I could put my rocking chair and watch the earth crumble away to
dust. I could only afford this little patch.” He motioned to the
four foot square patch of vegetation.
shifted a little, moving his hands nervously on the handgrips of his
aluminum walker. The hiss from his oxygen tank reminded me of a
serpent. Serpents get their heads crushed, though, you know.
“Well, the damned
place grew up around it, as it turned out,” he said. “This whole
area got developed. It used to be pristine public lands. Now its a
“And a movie
theater,” I added.
“And a movie
theater,” he agreed, nodding his head. “Now this little patch of
vegetation is so overgrown, standing here by itself in the middle of
this parking lot, I can't even set my lawn chair down in it. You see
what I mean?”
I nodded to show
that I understood.
“Get to it then,”
I started up the
Bobcat and had the job done in less than three minutes. In the
middle of the asphalt parking lot there was now a four foot square
muddy scar on the earth, where tall prairie grasses and a couple of
thin, spindly trees had just formerly grown.
opened his lawn chair with one hand and threw it into the center of
his little patch of land. He plopped himself down in the chair,
knocking over his walker as he did so.
“I guess I don't
need that damn thing anymore,” he said.
around at what had been a beautiful forest just fifteen years ago.
He breathed in what had been pure, clean air just fifteen years ago.
What a crock, he thought.
Schmiechowski took a
last breath and died right there. And crumbled away to dust.
Pinny walked out his
skin that fateful day (the day after he died in the cold county jail,
victim of the United States Postal Service). Pinny walked down the
street and up to the house of the man who was rumored to give
rocketry instruction to anyone who was interested. That is exactly
what the sign on his lawn said: “Free Rocketry Instruction to
Anyone Who is Interested.” Pinny figured he had nothing to lose.
He had been dead for a day, after all. What could it hurt?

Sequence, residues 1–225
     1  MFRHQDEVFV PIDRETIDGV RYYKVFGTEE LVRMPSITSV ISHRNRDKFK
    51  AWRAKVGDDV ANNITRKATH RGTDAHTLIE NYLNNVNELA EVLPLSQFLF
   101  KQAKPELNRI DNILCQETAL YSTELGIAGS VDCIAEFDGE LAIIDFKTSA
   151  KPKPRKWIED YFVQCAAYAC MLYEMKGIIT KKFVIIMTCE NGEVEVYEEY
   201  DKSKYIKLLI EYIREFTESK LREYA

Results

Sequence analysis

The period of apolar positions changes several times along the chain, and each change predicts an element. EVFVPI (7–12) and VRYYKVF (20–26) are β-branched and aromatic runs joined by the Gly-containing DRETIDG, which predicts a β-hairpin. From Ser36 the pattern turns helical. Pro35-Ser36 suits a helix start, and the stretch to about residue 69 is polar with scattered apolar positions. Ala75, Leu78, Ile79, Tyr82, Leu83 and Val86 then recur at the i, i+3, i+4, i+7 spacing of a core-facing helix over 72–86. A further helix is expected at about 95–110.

With a deft rap on
the door, Pinny summoned Rocketman, who quickly appeared.
“You're the meth
addict who died in the county hoosegow, ain't you?” asked
“Sure am,” said
Pinny, rubbing his tender noggin with a piece of flannel soaked in
camphor. “And I'd like some rocketry instruction.”
Pinny's eyes and his nose and his mouth. He went on, studying his
chin and the lump on the side of Pinny's neck. Pinny shifted
“What 'cha doin'?”
you...as one must study oneself. You got it, or do I gotta' pop you
one? Now shut up, while I study.” Rocketman seemed impatient.
Pinny could feel the
insects beneath his flesh begin to move again, and he was afraid that
his beloved necklump might be shifting in shape or size. He raised
his hand to cover it, and then lowered it again, afraid that it might
call attention to him in a way that he did not desire.
“Is that the
cha-la salute?” asked Rocketman, noticing Pinny's raised and then
lowered hand. “You a cha-la boy?”
“I'm afraid I have
no idea what you're talking about,” said Pinny, blushing bright red
(bright red for someone who has been dead for a day, anyhow. These
things are rather relative, you know).
his study and stood close (very close, in fact) to Pinny's face. He
locked his little beady eyeballs onto Pinny's little beady eyeballs.
And he leaned in close. Close. Real close.
And he stuck out his
tongue must have measured at least eighteen inches on a good day, but
Rocketman only needed an inch or so of it just now, as he placed but
the very tip upon the very tip of Pinny's nose. It felt cool, and
then warn to Pinny, who very nearly drew back, but stood still and
allowed Rocketman's tongue to linger for at least a minute.
his suddenly rainbow-colored tongue and turned back into his house.
“Where you going?”
asked Pinny. “You going to go get your rocketry supplies so's you
can teach me?”
“I will not teach
you,” said Rocketman. “I will not give you instruction.”
“Why?” asked a
saddened Pinny. “Do I taste bad?”
Rocketman. “Steel dreams. They ooze out of a man's flesh. And I
can tell your dreams, even if you cannot tell them yourself. Be off.
And be well.”
Pinny turned to a
deserted street – nowhere to wander for a lonely meth-ghost, but
the abandoned avenues of Rocketman dreams.